Folks who either do not have health insurance or are paying exorbitant premiums may want to explore enrolling in health coverage through New York State of Health starting on October 1st.
Please note that under the provisions of the Affordable Care Act, all families and individuals must have health insurance starting in 2014, and those who do not may be subject to penalties.
What plans will be available through the Exchange in my area?
Twenty-one providers have been approved to offer Qualified Health Plans (QHPs) in New York State, but only about half of these will be offering plans in the Greater New York City area. To see which plans will be offered in your area, click on your county or borough below.
Bronx Brooklyn Manhattan Queens Staten Island Nassau Suffolk Westchester Rockland
If you live in a part of New York State that is not listed, CLICK HERE for a map of the entire state and click on your county.
If you live in a state other than New York, please visit https://www.healthcare.gov/.
Each of these providers will offer Platinum, Gold, Silver, and Bronze plans as well as catastrophic plans with varying premiums, deductibles and levels of coverage. Plans will be available for individuals and families, and some providers will also offer plans for small businesses.
What will the premiums for this coverage cost?
A preliminary list of what the monthly premiums will be for all Exchange plans in New York State can be viewed by CLICKING HERE. Remember that not all of the listed plans will be available in your area, so use the borough/county links above to determine which ones will be available in your area.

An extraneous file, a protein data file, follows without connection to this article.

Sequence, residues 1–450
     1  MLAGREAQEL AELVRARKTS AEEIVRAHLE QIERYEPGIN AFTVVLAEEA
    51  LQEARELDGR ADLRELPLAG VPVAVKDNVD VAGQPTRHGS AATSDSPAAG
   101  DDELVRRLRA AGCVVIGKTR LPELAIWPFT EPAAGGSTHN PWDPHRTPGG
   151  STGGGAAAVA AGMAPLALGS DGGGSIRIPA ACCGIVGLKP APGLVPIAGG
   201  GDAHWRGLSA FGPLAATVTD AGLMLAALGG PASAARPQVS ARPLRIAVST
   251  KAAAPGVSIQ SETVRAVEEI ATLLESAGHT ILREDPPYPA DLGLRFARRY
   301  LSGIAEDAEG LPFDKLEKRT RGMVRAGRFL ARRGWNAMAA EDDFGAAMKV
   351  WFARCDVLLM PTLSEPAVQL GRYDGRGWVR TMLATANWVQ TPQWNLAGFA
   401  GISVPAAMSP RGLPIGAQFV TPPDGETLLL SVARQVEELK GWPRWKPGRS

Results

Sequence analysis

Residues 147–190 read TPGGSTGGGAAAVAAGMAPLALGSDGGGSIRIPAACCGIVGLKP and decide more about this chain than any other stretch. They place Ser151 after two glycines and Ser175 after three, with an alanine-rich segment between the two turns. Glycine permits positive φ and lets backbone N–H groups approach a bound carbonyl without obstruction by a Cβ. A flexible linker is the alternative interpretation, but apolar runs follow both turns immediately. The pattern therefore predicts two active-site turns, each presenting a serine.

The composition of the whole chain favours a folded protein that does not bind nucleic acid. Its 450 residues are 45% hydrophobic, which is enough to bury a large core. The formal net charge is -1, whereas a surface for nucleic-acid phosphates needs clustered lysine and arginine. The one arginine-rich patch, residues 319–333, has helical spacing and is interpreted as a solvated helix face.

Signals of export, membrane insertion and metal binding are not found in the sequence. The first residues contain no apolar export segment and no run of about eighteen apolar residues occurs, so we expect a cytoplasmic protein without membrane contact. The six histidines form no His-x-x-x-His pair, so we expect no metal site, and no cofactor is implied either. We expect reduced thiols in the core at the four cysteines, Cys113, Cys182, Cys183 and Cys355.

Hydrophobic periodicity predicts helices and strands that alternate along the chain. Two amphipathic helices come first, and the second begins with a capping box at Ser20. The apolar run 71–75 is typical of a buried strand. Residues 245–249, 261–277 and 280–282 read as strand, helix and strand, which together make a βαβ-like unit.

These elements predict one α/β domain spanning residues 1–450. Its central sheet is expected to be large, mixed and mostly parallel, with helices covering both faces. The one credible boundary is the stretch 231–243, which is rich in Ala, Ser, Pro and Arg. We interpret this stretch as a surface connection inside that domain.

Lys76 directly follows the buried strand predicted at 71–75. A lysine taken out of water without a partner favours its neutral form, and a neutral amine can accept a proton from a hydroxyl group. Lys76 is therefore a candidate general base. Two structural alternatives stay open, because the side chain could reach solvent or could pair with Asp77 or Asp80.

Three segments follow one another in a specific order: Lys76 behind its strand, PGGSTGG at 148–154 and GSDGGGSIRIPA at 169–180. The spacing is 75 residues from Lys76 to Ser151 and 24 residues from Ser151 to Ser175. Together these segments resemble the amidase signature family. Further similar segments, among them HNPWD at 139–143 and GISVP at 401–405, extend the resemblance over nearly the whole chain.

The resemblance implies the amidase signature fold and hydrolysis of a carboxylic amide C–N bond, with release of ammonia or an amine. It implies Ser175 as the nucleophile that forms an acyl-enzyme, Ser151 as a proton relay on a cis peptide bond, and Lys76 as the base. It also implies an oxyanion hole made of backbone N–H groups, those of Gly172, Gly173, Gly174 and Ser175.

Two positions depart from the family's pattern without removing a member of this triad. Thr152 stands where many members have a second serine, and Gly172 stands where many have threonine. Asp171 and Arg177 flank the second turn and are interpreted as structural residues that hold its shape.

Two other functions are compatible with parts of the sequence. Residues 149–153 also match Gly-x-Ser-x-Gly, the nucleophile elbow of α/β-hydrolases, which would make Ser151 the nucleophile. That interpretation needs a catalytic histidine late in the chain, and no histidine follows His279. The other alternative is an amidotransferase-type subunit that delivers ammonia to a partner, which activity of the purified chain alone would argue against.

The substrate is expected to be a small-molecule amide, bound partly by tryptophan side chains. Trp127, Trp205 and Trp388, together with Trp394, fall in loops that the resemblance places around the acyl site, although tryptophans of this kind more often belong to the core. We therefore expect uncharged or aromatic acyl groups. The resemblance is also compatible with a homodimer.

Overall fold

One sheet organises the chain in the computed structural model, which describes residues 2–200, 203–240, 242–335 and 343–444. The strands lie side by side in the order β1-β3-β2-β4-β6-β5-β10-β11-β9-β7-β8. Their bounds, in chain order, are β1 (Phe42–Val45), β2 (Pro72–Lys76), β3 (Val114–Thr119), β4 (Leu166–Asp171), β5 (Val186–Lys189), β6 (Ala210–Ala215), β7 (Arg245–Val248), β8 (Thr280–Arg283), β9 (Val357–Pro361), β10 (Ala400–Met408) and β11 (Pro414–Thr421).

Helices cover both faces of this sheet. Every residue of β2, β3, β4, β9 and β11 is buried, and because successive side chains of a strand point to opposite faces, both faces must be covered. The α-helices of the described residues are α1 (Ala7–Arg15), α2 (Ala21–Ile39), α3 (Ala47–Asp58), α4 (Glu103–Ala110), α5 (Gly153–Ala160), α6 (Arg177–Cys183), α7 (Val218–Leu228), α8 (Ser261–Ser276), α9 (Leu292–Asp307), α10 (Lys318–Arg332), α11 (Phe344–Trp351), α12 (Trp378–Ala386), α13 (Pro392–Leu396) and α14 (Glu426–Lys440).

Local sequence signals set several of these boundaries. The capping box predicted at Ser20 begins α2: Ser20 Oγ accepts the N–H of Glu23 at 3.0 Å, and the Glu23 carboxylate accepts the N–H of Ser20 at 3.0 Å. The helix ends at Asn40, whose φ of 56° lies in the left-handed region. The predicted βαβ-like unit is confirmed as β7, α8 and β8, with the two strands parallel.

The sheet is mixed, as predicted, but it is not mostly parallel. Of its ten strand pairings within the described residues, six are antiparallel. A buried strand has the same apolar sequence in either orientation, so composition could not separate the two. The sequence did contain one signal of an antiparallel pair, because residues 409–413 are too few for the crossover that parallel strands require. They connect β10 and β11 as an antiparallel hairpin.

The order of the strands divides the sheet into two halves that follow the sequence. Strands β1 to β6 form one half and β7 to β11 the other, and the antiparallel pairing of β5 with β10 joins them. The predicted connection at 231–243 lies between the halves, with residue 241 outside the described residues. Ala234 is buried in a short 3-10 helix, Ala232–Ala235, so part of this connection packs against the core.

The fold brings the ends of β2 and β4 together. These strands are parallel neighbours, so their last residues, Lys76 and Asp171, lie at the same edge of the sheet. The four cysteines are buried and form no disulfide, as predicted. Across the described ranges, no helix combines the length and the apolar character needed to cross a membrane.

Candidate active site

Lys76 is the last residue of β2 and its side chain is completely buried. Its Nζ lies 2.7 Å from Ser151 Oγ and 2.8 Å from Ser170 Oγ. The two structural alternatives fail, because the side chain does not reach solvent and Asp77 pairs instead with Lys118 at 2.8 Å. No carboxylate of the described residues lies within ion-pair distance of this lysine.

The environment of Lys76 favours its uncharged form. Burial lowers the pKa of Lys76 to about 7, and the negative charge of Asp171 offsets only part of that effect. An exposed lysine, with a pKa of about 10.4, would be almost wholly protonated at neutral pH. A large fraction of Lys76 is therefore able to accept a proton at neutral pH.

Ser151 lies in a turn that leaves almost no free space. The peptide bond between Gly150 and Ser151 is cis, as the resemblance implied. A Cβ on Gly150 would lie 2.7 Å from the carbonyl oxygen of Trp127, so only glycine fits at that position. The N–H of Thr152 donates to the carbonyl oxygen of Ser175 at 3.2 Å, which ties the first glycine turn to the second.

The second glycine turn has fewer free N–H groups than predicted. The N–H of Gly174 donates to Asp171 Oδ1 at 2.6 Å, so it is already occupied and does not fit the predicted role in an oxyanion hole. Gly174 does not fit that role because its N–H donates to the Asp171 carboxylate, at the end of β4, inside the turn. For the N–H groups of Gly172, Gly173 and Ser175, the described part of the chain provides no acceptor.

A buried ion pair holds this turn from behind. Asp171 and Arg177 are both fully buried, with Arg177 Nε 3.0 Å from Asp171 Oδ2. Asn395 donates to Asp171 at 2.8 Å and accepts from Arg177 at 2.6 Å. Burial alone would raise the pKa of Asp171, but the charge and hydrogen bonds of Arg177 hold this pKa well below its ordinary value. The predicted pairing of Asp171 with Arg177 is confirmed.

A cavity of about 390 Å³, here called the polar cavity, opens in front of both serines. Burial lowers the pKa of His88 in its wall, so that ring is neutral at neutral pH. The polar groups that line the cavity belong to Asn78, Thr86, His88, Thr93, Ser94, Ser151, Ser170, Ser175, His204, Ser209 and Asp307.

The premium you pay for health plans purchased through the Marketplace may be further reduced through Federal (and sometimes State) subsidies if your household income is below 400 percent of the federal poverty level ($45,960 for individuals and $94,200 for a family of four). You can check your eligibility for the Federal subsidy and see how much of a discount you may be eligible to receive using NYSOH’s Tax Credit and Premium Estimator. CLICK HERE to access the estimator.
How do I know which plan is best for me or my family?
Selecting the right coverage is not always easy. The plan with the lowest premium is often not the best choice, especially when dealing with a high-cost condition like hemophilia and other bleeding disorders. It is more important to determine which plan will cover all of the things you and your family need for the lowest out-of-pocket cost.
The National Hemophilia Foundation (NHF) has a Personal Health Insurance Toolkit which can help you figure this out. You can download a copy of the Toolkit by CLICKING HERE. The New York City Hemophilia Chapter (NYCHC) also has printed booklet versions of these toolkits available to Chapter members at no charge. To request one, send an email to email@example.com.
The Hemophilia Federation of America (HFA) also has a variety of resources to help you choose. You can find them by CLICKING HERE.
The City of New York has an excellent website to help residents identify and evaluate coverage options. It’s called the NYC Health Insurance Link and you can find it by CLICKING HERE.
The State of New York will be establishing Navigators who will assist individuals seeking to evaluate their options and enroll in a plan. A variety of community health organizations around the state will be designated as navigators. Assistance will be available on line, by telephone, and in person, depending on the organization and locale. More information about the navigator program and all aspects of the exchange are available on the New York State of Health website at www.nystateofhealth.ny.gov.
New York City Hemophilia Chapter is also working to develop more resources to assist you and your family with this process. Information will be available on our website at www.nyhemophilia.org. We will also be offering a major session on this topic at our Education Day (formerly Annual Meeting) on November 24th, so please plan to attend. You can also email your questions to us at firstname.lastname@example.org.